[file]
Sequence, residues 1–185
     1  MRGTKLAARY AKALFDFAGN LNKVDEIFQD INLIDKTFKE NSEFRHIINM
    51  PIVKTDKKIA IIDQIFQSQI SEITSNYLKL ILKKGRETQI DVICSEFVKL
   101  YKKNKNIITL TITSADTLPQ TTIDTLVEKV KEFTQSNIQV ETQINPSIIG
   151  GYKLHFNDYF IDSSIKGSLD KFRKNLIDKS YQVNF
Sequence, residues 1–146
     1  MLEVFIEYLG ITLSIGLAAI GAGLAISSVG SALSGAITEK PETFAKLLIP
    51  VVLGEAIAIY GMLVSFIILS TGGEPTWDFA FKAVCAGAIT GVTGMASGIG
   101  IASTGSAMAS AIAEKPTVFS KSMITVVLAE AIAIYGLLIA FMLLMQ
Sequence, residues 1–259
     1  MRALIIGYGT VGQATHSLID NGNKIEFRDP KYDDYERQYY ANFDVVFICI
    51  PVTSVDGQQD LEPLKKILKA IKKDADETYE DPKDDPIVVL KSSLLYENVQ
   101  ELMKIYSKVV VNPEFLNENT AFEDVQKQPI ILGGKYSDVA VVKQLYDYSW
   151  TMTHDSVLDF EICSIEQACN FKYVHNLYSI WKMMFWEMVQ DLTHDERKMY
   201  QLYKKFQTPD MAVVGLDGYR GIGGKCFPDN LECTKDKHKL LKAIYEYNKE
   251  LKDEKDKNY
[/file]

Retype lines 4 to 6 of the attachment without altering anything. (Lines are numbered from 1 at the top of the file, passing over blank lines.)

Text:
   101  YKKNKNIITL TITSADTLPQ TTIDTLVEKV KEFTQSNIQV ETQINPSIIG
   151  GYKLHFNDYF IDSSIKGSLD KFRKNLIDKS YQVNF
Sequence, residues 1–146